The FSF Europe hands these out to people and has a lot of good information about them online, including some HOWTOs. The official GnuPG smart card howto is 10 years old, and although it has some good background, I’d suggest using the FSFE instructions instead.

As you’ll see in a bit, most of this information also pertains to the OpenPGP mode of the Yubikey Neo.

OpenPGP card: Other uses

Of course, this is already pretty great to enhance your GPG security, but there’s a lot more that you can do with this card to add two-factor authentication (2FA) to a lot of other areas. Here are some pointers:

OpenPGP card: remote authentication with ssh

You can store the private part of your ssh key on the card. Traditionally, this was only done by using the ssh agent emulation mode of gnupg-agent. This is still possible, of course.

Now, however, the OpenSC project now supports the OpenPGP card as a PKCS#11 and PKCS#15 card, which means it works natively with ssh-agent as well. Try just ssh-add -s /usr/lib/x86_64-linux-gnu/pkcs11/opensc-pkcs11.so if you’ve put a key in the auth slot with GPG. ssh-add -L will list its fingerprint for insertion into authorized_keys. Very simple!

As an aside: Comments that you need scute for PKCS#11 support are now outdated. I do not recommend scute. It is quite buggy.

OpenPGP card: local authentication with PAM

You can authenticate logins to a local machine by using the card with libpam-poldi — here are some instructions.

Between the use with ssh and the use with PAM, we have now covered 2FA for both local and remote use in Unix environments.

OpenPGP card: use on Windows

Let’s move on to Windows environments. The standard suggestion here seems to be the mysmartlogon OpenPGP mini-driver. It works with some sort of Windows CA system, or the local accounts using EIDAuthenticate. I have not yet tried this.

OpenPGP card: Use with X.509 or Windows Active Directory

You can use the card in X.509 mode via these gpgsm instructions, which apparently also work with Windows Active Directory in some fashion.

You can also use it with web browsers to present a certificate from a client for client authentication. For example, here are OpenSC instructions for Firefox.

OpenPGP card: Use with OpenVPN

Via the PKCS#11 mode, this card should be usable to authenticate a client to OpenVPN. See the official OpenVPN HOWTO or these other instructions for more.

OpenPGP card: a note on PKCS#11 and PKCS#15 support

You’ll want to install the opensc-pkcs11 package, and then give the path /usr/lib/x86_64-linux-gnu/pkcs11/opensc-pkcs11.so whenever something needs the PKCS#11 library. There seem to be some locking/contention issues between GPG2 and OpenSC, however. Usually killing pcscd and scdaemon will resolve this.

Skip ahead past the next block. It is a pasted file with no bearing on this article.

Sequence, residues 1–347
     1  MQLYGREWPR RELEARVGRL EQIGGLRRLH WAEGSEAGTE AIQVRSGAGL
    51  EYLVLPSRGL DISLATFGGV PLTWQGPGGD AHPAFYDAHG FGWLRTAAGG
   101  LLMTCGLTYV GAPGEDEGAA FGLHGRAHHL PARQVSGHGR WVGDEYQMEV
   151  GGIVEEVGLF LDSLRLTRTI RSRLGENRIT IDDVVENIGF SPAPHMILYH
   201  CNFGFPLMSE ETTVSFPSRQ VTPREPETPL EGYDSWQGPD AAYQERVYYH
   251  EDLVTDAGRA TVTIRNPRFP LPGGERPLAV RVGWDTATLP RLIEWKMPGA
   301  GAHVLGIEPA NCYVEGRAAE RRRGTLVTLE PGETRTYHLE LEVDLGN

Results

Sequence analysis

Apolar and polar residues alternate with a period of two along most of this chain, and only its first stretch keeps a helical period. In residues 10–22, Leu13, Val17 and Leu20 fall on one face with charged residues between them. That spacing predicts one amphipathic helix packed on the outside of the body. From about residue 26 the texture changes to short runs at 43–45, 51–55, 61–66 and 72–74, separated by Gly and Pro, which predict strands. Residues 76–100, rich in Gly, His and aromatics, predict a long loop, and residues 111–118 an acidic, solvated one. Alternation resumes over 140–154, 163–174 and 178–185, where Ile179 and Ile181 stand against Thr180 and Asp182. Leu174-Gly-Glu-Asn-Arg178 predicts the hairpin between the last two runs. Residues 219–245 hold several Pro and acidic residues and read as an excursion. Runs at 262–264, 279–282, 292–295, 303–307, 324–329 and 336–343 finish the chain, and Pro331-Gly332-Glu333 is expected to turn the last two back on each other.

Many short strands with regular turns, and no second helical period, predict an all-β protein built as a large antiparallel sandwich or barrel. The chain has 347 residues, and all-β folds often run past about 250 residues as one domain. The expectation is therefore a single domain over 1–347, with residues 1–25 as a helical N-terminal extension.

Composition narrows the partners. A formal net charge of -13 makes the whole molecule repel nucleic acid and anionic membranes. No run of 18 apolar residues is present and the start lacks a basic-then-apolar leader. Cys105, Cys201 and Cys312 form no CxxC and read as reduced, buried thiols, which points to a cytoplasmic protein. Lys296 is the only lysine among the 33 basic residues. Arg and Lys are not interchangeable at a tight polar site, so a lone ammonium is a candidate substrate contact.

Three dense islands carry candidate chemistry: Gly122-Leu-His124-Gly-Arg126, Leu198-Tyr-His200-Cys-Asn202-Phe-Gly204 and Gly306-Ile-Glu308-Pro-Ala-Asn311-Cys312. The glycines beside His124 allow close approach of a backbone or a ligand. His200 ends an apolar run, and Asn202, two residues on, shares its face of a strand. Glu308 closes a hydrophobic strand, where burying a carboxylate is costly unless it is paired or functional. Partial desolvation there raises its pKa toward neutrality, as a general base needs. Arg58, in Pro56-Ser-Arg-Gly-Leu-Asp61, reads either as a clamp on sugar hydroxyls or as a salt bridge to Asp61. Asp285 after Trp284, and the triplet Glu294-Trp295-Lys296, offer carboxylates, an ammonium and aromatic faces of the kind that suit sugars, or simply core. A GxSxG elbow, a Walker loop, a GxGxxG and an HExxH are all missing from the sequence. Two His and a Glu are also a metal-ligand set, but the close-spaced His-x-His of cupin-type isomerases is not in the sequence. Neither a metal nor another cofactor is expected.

I would recommend doing manipulation operations (setting PINs, generating or uploading keys, etc.) via GPG2 only. Use the PKCS#11 tools only to access.

OpenPGP card: further reading

Kernel Concepts also has some nice readers; you can get this card in a small USB form-factor by getting the mini-card and the Gemalto reader.

Yubikey Neo Introduction

The Yubikey Neo is a fascinating device. It is a small USB and NFC device, a little smaller than your average USB drive. It is a multi-application device that actually has six distinct modes:

  • OpenPGP JavaCard Applet (pc/sc-compatible)
  • Personal Identity Verification [PIV] (pc/sc-compatible, PKCS#11-compatible in Windows and OpenSC)
  • Yubico HOTP, via your own auth server or Yubico’s
  • OATH, with its two sub-modes:
    • OATH TOTP, with a mobile or desktop helper app (drop-in for Google Authenticator
    • OATH HOTP
  • Challenge-response mode
  • U2F (Universal 2nd Factor) with Chrome

There is a ton to digest with this device.

Yubikey Neo Basics

By default, the Yubikey Neo is locked to only a subset of its features. Using the yubikey-personalization tool (you’ll need the version in stretch; jessie is too old), you can use ykpersonalize -m86 to unlock the full possibilities of the card. Run that command, then unplug and replug the device.

It will present itself as a USB keyboard as well as a PC/SC-compatible card reader. It has a capacitive button, which is used to have it generate keystrokes to input validation information for HOTP or HMAC validation. It has two “slots” that can be configured with HMAC and HOTP; a short button press selects the default slot #1 and a long press selects slot #2.

But before we get into that, let’s step back at some basics.

opensc-tool –list-algorithms claims this card supports RSA with 1024, 2048, and 3072 sizes, and EC with 256 and 384-bit sizes. I haven’t personally verified anything other than RSA-2048 though.